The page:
Reform of the U.S. corporate tax system is again on the agenda. Despite important differences, many current proposals share two common goals: (1) reducing the statutory corporate tax rate to improve U.S. “international competitiveness” and (2) broadening the corporate tax base by reducing or eliminating business expenditures to offset revenue losses. Given the significance of the passthrough sector and the relationship between individual and corporate taxes, however, such reforms need to be considered within a broader context. Part I of this article discusses the growing significance of the passthrough sector, which now accounts for roughly half of net business income. Part II explores new incentives for retaining corporate earnings and mischaracterizing labor income that would arise from an increase in individual income tax rates coupled with a simultaneous decrease in corporate tax rates, and considers the feasibility of measures to curb such sheltering within corporations. Finally, Part III urges Congress to look beyond reducing business expenditures to expand the corporate tax base and recommends consideration of an entity-level tax on certain large partnerships.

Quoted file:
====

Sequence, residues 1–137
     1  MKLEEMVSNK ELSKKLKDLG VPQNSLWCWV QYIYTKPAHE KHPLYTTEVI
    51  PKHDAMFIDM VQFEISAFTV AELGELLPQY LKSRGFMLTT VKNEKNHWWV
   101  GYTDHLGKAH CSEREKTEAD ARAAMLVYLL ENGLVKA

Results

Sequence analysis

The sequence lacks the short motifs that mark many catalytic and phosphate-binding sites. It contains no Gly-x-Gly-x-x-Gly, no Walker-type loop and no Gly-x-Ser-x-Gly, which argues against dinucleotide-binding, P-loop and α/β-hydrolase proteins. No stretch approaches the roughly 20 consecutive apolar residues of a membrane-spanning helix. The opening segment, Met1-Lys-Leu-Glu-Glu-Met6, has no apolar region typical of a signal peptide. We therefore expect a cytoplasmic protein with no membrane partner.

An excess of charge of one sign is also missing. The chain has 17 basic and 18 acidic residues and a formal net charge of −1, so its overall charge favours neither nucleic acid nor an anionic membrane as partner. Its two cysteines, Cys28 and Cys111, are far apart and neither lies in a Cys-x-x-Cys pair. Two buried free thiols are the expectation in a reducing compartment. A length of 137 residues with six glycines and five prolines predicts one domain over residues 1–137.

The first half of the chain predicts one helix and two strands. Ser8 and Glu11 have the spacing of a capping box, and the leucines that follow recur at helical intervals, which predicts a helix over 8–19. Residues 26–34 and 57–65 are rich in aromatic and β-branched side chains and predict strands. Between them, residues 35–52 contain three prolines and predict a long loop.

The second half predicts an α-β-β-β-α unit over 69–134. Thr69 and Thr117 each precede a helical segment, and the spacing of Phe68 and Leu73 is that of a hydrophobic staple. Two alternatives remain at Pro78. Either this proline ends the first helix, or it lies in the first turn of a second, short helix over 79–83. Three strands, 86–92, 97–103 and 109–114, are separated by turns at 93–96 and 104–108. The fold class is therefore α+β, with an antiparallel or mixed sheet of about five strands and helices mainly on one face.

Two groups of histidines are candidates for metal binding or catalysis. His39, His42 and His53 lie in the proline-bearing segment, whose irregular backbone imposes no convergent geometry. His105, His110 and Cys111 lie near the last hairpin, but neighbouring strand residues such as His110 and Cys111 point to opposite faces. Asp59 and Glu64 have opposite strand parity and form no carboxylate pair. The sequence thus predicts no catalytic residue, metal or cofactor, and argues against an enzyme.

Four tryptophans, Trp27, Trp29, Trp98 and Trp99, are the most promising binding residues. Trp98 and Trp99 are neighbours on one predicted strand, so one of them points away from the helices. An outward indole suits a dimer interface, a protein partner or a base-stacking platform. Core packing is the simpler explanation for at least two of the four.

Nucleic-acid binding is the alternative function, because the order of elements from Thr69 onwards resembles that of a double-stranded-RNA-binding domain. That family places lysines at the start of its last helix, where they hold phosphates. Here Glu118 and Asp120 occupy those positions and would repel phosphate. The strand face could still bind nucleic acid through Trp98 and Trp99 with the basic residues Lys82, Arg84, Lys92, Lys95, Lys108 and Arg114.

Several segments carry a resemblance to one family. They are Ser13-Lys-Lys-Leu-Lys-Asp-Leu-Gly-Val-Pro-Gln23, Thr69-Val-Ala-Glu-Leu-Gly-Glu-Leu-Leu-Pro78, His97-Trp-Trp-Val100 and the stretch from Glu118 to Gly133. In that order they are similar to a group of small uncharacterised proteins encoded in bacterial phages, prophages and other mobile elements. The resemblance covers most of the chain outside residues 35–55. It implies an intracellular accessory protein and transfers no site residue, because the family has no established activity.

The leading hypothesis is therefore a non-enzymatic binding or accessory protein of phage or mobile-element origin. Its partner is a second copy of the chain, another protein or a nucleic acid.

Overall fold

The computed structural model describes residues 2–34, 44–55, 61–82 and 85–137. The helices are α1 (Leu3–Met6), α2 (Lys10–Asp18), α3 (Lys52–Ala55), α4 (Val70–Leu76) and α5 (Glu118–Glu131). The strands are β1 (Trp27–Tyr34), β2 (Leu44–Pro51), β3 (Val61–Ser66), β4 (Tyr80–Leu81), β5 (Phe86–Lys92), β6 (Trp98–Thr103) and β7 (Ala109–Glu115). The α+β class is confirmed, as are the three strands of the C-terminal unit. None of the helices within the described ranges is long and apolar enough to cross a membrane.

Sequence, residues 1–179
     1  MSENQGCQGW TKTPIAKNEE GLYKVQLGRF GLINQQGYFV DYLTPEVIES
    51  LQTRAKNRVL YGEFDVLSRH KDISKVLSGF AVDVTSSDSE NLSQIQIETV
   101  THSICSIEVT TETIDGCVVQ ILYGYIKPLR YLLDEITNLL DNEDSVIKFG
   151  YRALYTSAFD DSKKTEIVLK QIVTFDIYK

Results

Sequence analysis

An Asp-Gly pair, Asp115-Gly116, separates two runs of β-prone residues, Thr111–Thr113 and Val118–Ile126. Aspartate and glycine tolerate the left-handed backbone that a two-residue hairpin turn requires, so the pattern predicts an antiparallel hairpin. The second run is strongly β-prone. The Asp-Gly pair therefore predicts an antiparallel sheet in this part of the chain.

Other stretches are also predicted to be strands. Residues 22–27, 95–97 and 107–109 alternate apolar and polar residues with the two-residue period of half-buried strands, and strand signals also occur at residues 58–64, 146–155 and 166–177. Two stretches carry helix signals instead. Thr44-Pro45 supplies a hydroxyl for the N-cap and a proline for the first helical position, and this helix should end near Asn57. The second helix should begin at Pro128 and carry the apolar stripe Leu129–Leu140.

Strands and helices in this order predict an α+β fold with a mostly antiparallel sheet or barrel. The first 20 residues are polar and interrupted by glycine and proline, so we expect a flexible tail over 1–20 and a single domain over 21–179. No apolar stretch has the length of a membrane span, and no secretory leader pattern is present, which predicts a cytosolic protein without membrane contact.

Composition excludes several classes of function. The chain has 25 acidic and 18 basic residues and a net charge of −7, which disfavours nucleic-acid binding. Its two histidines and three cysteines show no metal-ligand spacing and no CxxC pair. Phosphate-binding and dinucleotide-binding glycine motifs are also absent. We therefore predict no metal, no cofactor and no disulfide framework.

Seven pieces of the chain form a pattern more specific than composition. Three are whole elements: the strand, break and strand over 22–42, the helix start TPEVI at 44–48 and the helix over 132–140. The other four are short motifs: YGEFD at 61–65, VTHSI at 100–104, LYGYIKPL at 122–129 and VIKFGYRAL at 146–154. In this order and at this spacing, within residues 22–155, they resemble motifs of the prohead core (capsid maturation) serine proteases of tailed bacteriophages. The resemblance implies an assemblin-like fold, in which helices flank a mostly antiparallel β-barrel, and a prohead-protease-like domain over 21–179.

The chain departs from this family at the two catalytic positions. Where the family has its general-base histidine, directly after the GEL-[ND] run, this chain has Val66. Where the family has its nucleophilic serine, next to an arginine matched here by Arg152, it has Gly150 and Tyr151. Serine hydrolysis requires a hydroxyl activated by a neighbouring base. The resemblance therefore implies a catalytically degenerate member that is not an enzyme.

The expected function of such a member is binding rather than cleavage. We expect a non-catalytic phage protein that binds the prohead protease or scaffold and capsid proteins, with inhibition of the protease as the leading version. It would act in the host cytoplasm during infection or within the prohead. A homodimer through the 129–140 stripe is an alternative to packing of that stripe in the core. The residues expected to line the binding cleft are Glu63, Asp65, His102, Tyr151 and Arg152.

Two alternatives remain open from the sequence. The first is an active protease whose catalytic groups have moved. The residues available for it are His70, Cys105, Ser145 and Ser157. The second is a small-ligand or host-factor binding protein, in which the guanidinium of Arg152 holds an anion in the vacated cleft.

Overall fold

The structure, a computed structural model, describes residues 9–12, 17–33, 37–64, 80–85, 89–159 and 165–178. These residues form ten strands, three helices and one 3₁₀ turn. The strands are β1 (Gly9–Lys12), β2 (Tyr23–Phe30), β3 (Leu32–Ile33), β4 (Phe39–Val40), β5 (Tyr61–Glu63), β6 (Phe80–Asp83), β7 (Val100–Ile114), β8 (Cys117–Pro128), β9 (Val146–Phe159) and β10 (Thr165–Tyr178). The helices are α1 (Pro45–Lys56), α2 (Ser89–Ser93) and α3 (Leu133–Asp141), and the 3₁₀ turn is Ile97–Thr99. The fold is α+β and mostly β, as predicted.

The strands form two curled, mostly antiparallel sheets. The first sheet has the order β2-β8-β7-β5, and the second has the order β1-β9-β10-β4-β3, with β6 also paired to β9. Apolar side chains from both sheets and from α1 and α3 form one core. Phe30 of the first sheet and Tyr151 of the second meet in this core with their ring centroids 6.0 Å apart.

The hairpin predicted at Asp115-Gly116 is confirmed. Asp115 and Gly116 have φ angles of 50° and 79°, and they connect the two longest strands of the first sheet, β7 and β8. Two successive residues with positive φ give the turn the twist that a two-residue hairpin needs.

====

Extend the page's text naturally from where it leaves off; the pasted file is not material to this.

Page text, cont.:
Karen C. Burke, Passthrough Entities: The Missing Element in Business Tax Reform, 40 Pepp. L. Rev. 1329 (2013), available at http://scholarship.law.ufl.edu/facultypub/515